Mabilia, who loved the Child of the Sea with pure love, readily agreed. "Let him go," said she, "to the chapel of my mother, armed at all points, and we and the other damsel will accompany him; and when King Perion is setting off, which will be before daybreak, I will ask to see him; and then will he grant our request, for he is a courteous knight." When the Child of the Sea heard this, he called Gandalin, and said to him, "My brother, take all my arms secretly to the queen's chapel, for this night I think to be knighted; and, because it behoves me to depart right soon, I would know if you wish to bear me company."
"Believe me," quoth Gandalin, "never, with my will, shall I depart from ye." The tears came in the eyes of the Child at this, and he kissed him on the face, and said, "Do, now, what I told you." Gandalin laid the arms in the chapel, while the queen was at supper; and, when the cloths were removed, the Child of the Sea went there, and armed himself, all save his head and his hands, and made his prayer before the altar, beseeching God to grant him success in arms, and in the love which he bore his lady.
When the queen had retired, Oriana and Mabilia went with the other damsels to accompany him, and Mabilia sent for Perion as he was departing; and, when he came, she besought him to do what Oriana, the daughter of King Lisuarte, should request. "Willingly," said King Perion, "for her father's sake." Then Oriana came before him; and when he saw her how fair she was, he thought there could not be her equal in the world. She begged a boon, and it was granted. "Then," said she, "make this my gentleman knight." And she showed him to Perion kneeling before the altar. The king saw him how fair he was, and approaching him, said, "Would you receive the order of knighthood?"--"I would."-- "In the name of God, then! And may He order it that it be well bestowed on you, and that you may grow in honour as you have in person." Then, putting on the right spur, he said, "Now are you a knight, and may receive the sword." The king took the sword, and gave it to him, and the Child girded it on. "Then," said Perion, "according to your manner and appearance, I would have performed this ceremony with more honours; and I trust in God that your fame will prove that so it ought to have been done." Mabilia and Oriana then joyfully kissed the king's hands, and he, commending the Child of the Sea to God, went his way.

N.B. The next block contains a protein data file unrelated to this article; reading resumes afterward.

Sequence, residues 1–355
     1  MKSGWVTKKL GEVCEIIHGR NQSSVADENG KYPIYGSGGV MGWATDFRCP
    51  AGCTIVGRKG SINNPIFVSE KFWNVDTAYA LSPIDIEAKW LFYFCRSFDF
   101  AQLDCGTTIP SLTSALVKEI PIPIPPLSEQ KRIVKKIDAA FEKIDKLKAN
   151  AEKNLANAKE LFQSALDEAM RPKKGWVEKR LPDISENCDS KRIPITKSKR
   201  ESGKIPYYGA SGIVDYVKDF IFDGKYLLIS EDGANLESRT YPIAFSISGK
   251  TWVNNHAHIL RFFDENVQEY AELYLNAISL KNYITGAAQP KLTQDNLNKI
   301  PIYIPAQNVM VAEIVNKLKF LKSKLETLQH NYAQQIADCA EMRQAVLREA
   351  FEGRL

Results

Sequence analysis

THE SPANISH CHRONICLE OF THE CID
The Cid, who was as actual individual, is the Arthur and Roland of the Spaniards, the great hero of mediaeval Spain. The Chronicles, based on heroic songs and national traditions of the struggle with the Moors, pictures for us the life of an old and haughty nation, proud in arms.
It was compiled in the reign of King Alfonso the Wise, who reigned between 1252 and 1284, and was translated into English by Robert Southey in 1808.